Metal Shop W840 
Advanced Studio W823
Kiln Room W890D 
Wood Shop W840A
Clay Mixing/ Slurry Room 890A 

Spray Booths are located in W840 + W520, use these when spraying fixative to drawings or when using spray paint. If the contaminant is highly toxic or large amounts of the toxic material are produced a respirator must also be worn.

As a result of the hazard assessment performed by the Technical Staff of the Department of Art working alone is not permitted if it can be avoided. 

All work planned outside of times when Technicians are on shift must be done with another student. Any Students found working alone in any studio area will be asked to leave the facility by Security personnel. The buddy system should now be enforced in all of the following workspaces:  W817, W823, W869, W871, W890, A, B, C +D, W520, L804, W844, W842, and W748 A-K. Excerpt from Art Safety Policy (1992);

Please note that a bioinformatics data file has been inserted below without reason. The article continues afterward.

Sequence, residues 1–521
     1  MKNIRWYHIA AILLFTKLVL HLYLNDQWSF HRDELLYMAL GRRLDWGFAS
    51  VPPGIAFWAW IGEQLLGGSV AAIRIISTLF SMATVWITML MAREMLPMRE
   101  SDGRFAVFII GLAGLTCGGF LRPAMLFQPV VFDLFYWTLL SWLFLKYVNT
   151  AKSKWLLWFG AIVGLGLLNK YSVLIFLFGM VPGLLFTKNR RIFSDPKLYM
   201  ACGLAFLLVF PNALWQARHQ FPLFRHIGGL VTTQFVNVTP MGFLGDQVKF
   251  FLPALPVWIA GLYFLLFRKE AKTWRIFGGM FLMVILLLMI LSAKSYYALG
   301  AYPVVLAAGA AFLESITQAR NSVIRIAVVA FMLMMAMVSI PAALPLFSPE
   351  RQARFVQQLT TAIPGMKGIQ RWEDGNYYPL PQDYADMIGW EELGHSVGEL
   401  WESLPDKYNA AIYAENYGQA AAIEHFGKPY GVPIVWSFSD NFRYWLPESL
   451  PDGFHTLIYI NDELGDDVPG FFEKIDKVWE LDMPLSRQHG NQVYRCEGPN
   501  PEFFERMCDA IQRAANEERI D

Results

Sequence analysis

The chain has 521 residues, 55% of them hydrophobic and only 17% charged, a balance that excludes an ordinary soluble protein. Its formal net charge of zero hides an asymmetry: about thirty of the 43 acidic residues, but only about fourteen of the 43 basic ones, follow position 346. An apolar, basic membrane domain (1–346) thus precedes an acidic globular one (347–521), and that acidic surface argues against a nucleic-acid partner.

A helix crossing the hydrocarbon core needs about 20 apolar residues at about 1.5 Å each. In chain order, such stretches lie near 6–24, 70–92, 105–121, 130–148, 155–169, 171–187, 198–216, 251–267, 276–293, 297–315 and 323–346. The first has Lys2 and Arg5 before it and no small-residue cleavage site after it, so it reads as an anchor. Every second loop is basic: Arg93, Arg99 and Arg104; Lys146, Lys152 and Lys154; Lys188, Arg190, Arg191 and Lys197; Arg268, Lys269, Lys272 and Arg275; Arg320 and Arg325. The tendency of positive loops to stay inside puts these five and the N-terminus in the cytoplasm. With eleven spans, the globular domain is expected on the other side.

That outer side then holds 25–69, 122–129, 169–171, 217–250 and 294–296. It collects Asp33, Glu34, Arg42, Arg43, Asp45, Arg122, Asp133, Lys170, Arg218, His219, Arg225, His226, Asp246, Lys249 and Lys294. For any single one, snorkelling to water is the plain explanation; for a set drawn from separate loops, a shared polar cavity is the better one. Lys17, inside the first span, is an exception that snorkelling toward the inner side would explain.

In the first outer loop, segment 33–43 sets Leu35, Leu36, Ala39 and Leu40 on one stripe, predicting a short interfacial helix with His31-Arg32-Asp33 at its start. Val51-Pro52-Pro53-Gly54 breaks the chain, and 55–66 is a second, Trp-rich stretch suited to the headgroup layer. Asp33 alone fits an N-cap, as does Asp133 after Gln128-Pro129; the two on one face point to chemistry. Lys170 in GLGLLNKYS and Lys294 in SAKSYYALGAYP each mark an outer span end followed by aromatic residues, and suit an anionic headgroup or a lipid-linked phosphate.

In addition, students working after hours are required to have a buddy present. A buddy is another student who is enrolled in and cognizant of the School of Fine Arts Safety Policy. The buddy must remain within the same studio at all times. 

The University of Lethbridge now has a Working Alone Safely Login that informs Security that an individual is working alone on campus. All Faculty, Staff, and Students are asked to use this system to login and out with security when they are on campus after regular hours.

The Working Alone Safety Login can be access through Uleth Safe app